American Indian Food Sovereignty (Introduction)

Hello everyone! My name is Colleen Truskey. I am a junior at the College majoring in anthropology with a minor in public health. Thanks to the support of friends, family, and several generous alumni, I can now embark on my honors research project!

This summer I will be working with select American Indian communities to explore indigenous food sovereignty programs. I’ll be taking a critical biocultural approach to the topic, combining my experience with anthropology, history, and public health. This approach treats “environments” as networks of historical, political, and social conditions that are embodied within the very biology of individuals, and I believe research done from this standpoint will better inform discussions (both within and outside of Native communities) surrounding health, nutrition, food, and sovereignty.

There has been work done on these topics in a Native context in the past, but they come from a variety of disciplines (history, law, medicine, sociology, anthropology). In my opinion this work needs to be synthesized, and would be better informed by thorough, “deeper” work done in specific community contexts. My research will (hopefully!) help illuminate the connections between policy, social standing, and health in historically marginalized American Indian communities, and produce new empirical research on ways these communities can address issues related to securing nutritious and culturally appropriate foods.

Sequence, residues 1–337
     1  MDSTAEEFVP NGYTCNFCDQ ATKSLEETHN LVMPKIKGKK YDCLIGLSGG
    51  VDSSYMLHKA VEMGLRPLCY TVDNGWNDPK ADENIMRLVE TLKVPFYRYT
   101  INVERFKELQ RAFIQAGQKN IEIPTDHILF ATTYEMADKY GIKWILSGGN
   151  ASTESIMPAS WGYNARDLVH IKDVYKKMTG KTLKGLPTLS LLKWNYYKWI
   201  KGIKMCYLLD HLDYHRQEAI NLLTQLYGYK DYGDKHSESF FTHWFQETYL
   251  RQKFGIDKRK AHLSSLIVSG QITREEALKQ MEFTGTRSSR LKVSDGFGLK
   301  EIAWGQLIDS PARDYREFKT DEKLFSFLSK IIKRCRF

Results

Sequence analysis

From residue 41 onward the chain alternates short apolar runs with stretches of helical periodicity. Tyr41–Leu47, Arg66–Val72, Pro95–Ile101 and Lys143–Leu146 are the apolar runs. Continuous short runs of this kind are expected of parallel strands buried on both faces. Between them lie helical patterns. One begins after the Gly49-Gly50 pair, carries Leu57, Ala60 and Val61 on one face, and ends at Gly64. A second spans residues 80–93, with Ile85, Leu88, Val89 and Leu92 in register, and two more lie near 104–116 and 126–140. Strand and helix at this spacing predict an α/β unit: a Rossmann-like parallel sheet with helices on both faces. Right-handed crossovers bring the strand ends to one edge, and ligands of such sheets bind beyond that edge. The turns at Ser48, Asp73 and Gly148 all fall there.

The fieldwork I have planned will be highly collaborative — it is important to me that I am highly responsive to the needs and preferences of the communities that I will be learning from, so the specific nature of my research questions and methodology will be determined in consultation with host communities. I am currently in talks with several different groups, and will update you as soon as those plans are firmed up.

This is the most ambitious research project I have undertaken thus far — 2+ months of extensive fieldwork, a year of thorough reading, research, and interviews, and a thesis-quality report by this time next year. I am all shades of nervous, doubtful, hopeful, and fired up. Part of me wishes I had designed something a little less intense, but this is the best opportunity I will have for some time to embark on work about a topic that I am passionate about and gain valuable experience with planning and conducting this type of research. In other words, wish me luck!